At the beginning of this semester, the emergency exit alarm was activated on the downstairs door of the fitness center in the Peterson Athletic Complex. Some gym goers, accustomed to using the door to exit the gym, inadvertently trigger the alarm by pushing on the door. The door is locked from the outside and people must enter through the main entrance of the sports complex. Using the main entrance means going around the outside for almost the entire length of the sports complex, passing through the corridors inside before reaching the fitness center itself.
Gym-goers who were accustomed to using the door continued to use it on their way out. However, a terrible alarm will sound for approximately 15 seconds, causing great anxiety to others exercising.
Huthefa Maalin ‘24.5 is a fitness center monitor. He noticed that gym goers kept using the door and setting off the alarm.
“It’s really annoying, especially when you’re just trying to do your job and someone walks through the door and sets off the alarm,” Maalin said. “It’s also too late to stop them because they’re already through the door.”
The alarm had not been installed on the door since last semester, although the door was locked from the outside. Gym patrons were able to leave the fitness center through the door, but were unable to enter that way. To allow other gym goers to enter the door, students regularly placed small stones in the door frame to prevent the door from locking.
In a joint email to The Campus, Director of Athletics Erin Quinn and Assistant Director of Athletics for Operations and Events Franklin Dean-Farrar explained that they have now resumed using only the downstairs door as an emergency exit.
“We have temporarily reconfigured the entrance and exit of the athletics complex to provide additional access through the rear of the fitness center as part of our Covid-19 protocols,” Quinn and Dean-Farrar said in their joint statement.
Students and visitors are instructed to use the front doors of the Athletic Complex as the main entrance. Quinn and Dean-Farrer said there are monitors at the front desk of the sports complex and in the fitness center who are available to answer questions and may ask for identification. The main gates of the Athletic Complex are the only ones equipped with ID-scanners; however, these doors are not locked, so students and other ID holders do not need to scan.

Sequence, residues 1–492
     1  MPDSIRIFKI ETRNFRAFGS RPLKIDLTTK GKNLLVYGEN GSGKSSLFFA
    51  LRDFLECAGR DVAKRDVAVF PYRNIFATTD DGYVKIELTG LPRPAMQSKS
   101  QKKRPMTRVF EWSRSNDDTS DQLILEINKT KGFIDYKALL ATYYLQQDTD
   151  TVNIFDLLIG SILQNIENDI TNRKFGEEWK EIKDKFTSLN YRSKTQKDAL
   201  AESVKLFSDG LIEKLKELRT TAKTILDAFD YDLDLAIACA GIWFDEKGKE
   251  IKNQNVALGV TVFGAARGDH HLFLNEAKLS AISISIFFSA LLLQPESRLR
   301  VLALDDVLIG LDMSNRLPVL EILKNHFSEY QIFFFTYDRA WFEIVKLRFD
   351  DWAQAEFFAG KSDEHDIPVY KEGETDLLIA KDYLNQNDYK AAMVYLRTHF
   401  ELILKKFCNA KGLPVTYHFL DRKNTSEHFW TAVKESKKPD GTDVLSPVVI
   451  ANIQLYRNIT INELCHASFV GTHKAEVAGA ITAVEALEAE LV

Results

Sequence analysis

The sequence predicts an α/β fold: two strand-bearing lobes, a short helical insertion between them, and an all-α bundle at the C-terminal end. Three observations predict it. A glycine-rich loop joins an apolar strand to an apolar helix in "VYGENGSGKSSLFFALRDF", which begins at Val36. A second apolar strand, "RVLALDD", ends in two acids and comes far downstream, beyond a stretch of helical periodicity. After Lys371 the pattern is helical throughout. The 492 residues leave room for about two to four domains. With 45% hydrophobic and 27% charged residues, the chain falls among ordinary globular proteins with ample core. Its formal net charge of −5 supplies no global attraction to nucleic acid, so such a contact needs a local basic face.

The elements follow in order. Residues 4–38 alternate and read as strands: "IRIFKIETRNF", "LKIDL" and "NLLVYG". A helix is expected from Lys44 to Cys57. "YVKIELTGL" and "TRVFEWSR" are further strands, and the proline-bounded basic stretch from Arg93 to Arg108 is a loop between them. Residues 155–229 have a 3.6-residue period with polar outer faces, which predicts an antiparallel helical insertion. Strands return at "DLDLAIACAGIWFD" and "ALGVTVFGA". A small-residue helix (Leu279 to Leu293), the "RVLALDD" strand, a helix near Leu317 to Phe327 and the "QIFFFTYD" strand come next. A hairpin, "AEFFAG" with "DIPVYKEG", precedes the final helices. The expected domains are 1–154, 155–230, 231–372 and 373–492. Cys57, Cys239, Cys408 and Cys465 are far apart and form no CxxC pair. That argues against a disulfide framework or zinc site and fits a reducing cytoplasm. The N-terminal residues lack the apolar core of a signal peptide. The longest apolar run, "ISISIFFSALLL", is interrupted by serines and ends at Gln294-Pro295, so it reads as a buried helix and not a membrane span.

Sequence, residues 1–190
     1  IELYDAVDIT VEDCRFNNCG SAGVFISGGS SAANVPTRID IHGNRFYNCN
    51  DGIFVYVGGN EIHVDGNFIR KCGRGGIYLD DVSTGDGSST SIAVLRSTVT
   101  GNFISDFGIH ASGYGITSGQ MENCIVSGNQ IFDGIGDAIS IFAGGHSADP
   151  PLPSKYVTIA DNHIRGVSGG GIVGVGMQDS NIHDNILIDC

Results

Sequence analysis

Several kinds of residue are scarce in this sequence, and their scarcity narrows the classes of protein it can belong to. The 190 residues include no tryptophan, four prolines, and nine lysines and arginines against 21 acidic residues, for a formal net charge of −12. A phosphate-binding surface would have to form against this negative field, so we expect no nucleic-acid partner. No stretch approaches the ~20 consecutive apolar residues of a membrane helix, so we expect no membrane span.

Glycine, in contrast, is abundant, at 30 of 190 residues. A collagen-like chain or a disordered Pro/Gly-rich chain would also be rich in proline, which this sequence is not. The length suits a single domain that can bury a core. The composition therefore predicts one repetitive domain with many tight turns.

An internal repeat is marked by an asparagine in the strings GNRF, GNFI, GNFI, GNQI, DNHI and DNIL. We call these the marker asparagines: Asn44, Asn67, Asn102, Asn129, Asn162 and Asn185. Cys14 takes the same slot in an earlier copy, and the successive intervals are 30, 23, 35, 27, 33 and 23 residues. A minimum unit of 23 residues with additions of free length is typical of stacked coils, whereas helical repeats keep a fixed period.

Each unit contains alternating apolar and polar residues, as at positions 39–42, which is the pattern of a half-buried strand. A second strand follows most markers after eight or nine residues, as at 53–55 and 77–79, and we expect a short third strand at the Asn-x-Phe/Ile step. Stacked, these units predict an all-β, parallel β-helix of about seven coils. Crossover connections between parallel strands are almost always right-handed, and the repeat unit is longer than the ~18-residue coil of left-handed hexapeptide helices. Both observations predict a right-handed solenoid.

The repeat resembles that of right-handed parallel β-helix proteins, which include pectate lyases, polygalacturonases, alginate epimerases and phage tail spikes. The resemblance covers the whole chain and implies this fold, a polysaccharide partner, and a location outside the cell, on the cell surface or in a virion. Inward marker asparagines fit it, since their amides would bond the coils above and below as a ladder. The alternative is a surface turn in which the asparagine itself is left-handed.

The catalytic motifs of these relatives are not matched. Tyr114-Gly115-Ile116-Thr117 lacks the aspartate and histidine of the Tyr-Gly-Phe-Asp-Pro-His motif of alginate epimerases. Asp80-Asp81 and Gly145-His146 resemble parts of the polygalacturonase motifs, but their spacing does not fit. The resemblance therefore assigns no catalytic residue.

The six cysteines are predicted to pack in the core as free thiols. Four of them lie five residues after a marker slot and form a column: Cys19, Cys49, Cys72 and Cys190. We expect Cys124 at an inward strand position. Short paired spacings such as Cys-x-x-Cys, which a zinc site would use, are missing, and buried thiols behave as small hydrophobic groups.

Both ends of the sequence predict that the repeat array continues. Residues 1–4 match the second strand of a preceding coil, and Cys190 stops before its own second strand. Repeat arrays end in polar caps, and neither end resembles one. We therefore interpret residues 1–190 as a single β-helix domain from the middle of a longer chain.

“We experimented with keeping them locked, but that made it difficult for visitors to access the building (eg, prospective students and families, alumni, game spectators.),” Quinn and Dean-Farrar said. “We’re leaving the doors open so these people can access the building.”
Quinn and Dean-Farrer also noted that Middlebury ID holders are allowed to bring a guest to access the facilities. Those who do not have an ID card usually check in at the front desk and can tour the facilities. Limiting access points to the facility and staffing the front desks increase security at the athletic complex, Quinn and Dean-Farrer said.
However, it is up to the monitor’s discretion to ask to see an ID card. “There is a monitor at the reception and at the fitness center reception. They are available to answer questions but also to report any concerns and may ask for identification,” Quinn and Dean-Farrer said.
Maalin said she rarely wants to see someone’s ID when she walks into the gym.
“I don’t usually identify people because I know most of them and I’ve seen them all over campus,” Maalin said. “I specifically identify someone when I ask: Who is this person? Usually when they look like adults, not students.”
Abby Schneiderhan ’23 is a member of the team and a regular at the fitness center. Schneiderhan said he did not understand the decision to close the bottom door.
“I don’t understand why they close the bottom door if they don’t ask us for ID at the main entrance anyway,” Schneiderhan said. “It’s more convenient to use the bottom door. Especially when I want to use the weight equipment, I just want to start my workout faster and not have to walk as much.”
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